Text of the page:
By Mike Cook
For The Bellingham Business Journal
My first introduction to the shaming practices in the workplace took place in 1973, the first year after I left graduate school. I had noticed a trend in the promotion history within a certain department and spoke to my boss about it.
He suggested I do further research and prepare a report, which I did. The net result, in which did not point any fingers, simply demonstrated the point I was trying to make.
I discussed my findings with my manager and he decided to send it along to the department in question.
A couple of days later my manager asked me to come to his office and informed that the department I had highlighted had returned the report noting that there was an inconsequential error in my addition in a single column. They told my manager that they appreciated the effort on my part, but could not take the findings seriously knowing that I was so careless with my calculations.
My manager used the incident to educate me in organizational politics. Even though what I was doing was in the best interest of the business, someone obviously felt that accepting my findings made them look bad. What he went on to tell me was that if it had not been for the error in addition the affected department would have found something else to object to. They were sending a message for me/us to mind our own business and when they wanted to hear from us they would let us know. My spirits were dampened to say the least. I thought improvements would be welcomed.
Fast forward to now.
I know managements and ownership in organizations far and wide, small and large, have been struggling with unlocking the secret of employee engagement for many years now. A lot of money has been spent, a lot more is planned to be spent but the history would suggest that quite possibly we’ve been looking in the wrong places with the efforts to date. Much of what gets pointed to are environmental factors, quality of working assignments, flex time, work at home options and the like.
In looking for a new way to address employee engagement maybe we should or could consider the relational factors as well as the environmental. Look at the story I shared earlier, or ones from your own experience (since I know you probably have them). What is being described there is something insidious. Organizations have always had politics and will always have politics, right? So just let it go! But take a deeper look.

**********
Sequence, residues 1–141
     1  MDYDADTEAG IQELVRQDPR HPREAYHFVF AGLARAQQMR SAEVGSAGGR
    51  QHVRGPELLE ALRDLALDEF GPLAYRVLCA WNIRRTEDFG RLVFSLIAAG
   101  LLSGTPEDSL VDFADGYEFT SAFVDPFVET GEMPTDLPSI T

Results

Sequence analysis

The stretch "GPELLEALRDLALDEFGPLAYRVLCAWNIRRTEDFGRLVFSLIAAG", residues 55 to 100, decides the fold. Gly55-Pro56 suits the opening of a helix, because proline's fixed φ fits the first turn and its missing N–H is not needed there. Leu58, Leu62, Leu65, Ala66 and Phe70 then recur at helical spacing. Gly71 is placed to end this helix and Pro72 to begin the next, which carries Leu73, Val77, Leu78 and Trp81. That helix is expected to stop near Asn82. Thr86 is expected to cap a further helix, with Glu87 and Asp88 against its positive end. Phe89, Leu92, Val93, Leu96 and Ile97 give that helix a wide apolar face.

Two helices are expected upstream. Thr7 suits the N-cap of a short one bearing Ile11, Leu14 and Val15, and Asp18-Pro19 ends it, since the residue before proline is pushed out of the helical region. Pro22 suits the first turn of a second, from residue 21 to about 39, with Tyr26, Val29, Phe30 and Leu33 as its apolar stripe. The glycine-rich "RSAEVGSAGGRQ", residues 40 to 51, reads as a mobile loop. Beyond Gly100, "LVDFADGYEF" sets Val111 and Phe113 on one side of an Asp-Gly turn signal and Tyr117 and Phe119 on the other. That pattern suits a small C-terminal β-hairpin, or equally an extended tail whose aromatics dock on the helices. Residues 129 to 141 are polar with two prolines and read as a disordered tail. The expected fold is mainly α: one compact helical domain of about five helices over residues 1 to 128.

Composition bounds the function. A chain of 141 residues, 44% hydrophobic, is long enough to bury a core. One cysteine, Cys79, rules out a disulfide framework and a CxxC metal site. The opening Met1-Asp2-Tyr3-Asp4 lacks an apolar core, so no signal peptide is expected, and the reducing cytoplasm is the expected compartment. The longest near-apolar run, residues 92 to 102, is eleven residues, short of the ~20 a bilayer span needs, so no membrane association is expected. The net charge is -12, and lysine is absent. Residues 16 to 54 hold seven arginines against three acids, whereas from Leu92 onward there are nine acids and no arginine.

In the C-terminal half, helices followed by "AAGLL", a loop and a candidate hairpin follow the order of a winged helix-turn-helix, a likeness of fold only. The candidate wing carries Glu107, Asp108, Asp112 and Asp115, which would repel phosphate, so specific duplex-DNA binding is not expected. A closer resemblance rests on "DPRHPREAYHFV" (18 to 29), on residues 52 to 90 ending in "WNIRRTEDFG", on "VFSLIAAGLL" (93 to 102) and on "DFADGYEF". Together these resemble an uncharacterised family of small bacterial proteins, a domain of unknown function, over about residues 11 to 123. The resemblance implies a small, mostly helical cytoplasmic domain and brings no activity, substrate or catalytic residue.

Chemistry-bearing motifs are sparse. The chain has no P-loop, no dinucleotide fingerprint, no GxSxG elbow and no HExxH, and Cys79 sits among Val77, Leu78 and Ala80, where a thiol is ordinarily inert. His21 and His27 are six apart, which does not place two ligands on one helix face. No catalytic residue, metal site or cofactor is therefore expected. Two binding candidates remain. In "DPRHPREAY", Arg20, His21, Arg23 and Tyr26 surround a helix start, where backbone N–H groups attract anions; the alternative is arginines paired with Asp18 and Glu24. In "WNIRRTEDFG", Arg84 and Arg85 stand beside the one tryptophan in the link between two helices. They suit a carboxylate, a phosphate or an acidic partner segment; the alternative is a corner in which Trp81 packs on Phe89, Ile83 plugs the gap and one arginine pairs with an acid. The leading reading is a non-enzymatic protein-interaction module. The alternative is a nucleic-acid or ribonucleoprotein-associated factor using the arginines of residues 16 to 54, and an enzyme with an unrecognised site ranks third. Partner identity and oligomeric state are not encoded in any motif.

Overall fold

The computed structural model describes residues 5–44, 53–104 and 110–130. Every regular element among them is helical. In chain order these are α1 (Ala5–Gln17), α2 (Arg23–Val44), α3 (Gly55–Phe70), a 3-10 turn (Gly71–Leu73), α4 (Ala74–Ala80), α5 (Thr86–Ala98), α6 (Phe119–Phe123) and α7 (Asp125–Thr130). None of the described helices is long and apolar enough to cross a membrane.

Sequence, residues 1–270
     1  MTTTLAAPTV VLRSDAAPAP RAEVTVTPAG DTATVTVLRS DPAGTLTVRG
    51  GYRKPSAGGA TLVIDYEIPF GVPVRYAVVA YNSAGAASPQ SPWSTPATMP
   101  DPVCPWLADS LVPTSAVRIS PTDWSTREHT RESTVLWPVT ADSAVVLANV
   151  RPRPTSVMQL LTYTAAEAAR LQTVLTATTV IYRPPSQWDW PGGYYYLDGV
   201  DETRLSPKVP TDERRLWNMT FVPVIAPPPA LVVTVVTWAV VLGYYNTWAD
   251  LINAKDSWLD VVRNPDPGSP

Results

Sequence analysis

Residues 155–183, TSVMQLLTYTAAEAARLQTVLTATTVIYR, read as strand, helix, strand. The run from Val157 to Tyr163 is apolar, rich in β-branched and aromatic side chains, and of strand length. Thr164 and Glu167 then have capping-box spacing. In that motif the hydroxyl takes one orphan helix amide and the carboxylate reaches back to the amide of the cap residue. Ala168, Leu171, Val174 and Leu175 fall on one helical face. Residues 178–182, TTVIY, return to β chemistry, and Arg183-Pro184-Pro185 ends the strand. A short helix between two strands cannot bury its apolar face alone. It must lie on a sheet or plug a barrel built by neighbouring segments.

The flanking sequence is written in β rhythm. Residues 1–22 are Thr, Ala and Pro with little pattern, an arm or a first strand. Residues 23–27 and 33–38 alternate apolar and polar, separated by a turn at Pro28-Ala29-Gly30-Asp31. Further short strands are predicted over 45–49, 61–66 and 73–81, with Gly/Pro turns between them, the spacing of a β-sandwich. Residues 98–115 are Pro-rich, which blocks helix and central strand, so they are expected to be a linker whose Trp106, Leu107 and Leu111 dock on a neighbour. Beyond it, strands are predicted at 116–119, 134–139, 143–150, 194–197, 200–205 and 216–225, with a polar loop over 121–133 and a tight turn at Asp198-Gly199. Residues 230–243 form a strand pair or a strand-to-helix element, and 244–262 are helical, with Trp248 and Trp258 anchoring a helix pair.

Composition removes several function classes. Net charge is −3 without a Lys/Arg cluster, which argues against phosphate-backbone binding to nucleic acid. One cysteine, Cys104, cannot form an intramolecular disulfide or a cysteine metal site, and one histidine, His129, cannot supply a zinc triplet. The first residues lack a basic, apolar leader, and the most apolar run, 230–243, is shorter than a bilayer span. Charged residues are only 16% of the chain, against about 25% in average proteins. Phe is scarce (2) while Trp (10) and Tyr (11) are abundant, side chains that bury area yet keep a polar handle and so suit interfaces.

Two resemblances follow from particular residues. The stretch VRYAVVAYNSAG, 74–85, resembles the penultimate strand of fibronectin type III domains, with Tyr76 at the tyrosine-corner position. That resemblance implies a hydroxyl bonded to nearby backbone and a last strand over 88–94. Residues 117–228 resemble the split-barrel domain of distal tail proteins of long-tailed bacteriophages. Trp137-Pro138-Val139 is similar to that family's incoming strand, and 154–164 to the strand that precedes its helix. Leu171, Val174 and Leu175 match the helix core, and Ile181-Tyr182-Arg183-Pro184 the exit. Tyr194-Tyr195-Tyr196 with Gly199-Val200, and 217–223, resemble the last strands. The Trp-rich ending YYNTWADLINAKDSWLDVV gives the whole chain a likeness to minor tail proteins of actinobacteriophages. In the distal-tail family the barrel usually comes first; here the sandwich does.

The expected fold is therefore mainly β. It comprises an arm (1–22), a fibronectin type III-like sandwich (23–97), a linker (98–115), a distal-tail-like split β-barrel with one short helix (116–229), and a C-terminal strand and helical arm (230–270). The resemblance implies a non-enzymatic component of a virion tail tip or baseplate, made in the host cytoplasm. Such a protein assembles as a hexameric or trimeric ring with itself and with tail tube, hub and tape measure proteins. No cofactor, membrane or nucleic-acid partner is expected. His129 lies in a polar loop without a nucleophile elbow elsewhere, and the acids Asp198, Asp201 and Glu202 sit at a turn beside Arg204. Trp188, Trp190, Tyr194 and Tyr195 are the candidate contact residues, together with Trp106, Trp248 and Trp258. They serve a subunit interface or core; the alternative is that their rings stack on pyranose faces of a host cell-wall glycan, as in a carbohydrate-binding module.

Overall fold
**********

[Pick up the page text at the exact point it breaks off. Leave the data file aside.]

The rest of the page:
I am pointing to something more fundamental than just politics; I mean to distinguish practices that have been tacitly endorsed for years intended to maintain the status quo and let people/employees know their place should they ever forget it.
These practices could be lumped under a theme: shaming, and it is so prevalent in many workplaces that no one even recognizes the cost or sees how it undermines any efforts to elevate employee engagement.
Webster’s defines “shame” as follows:
noun a: a painful emotion caused by consciousness of guilt, shortcoming, or impropriety in one’s own behavior or position
Brene Brown in “Daring Greatly: How the Courage to Be Vulnerable Transforms the Way We Live, Love, Parent, and Lead,” has this to say about the institutionalized practice of shaming.
“When shame becomes a management style, engagement dies. When failure is not an option we can forget about learning, creativity, and innovation.”
She goes on to say that shaming practices are often housed in a context of scarcity, e.g. never enough, not good enough, and the like.
Maybe you’ve had the experience or maybe you have perpetrated this act yourself: a goal is set and worked on. When the game is done, the quarter or deadline is over, the results are tallied and come in very close to but not quite to what was originally intended. The results are related to as “not good enough.” Conversations ensue, discussions revolve around the amount we missed our goal by, the mood is dark. As Brene Brown says above, failure is not an option.
I agree that business is somewhat analogous to sports, but it is not the same as sports. In sports there are absolute wins and losses. In business almost all wins and losses are relative because goals are arbitrary. Every mistake, every missed objective is an occasion for learning, innovation or creativity. The 98 out of 100 that we achieve in business is the absolute, the goal was simply what we used to encourage action.
If we want to see our employees engage we need to find ways to acknowledge and learn from the effort, not simply reward or diminish the results.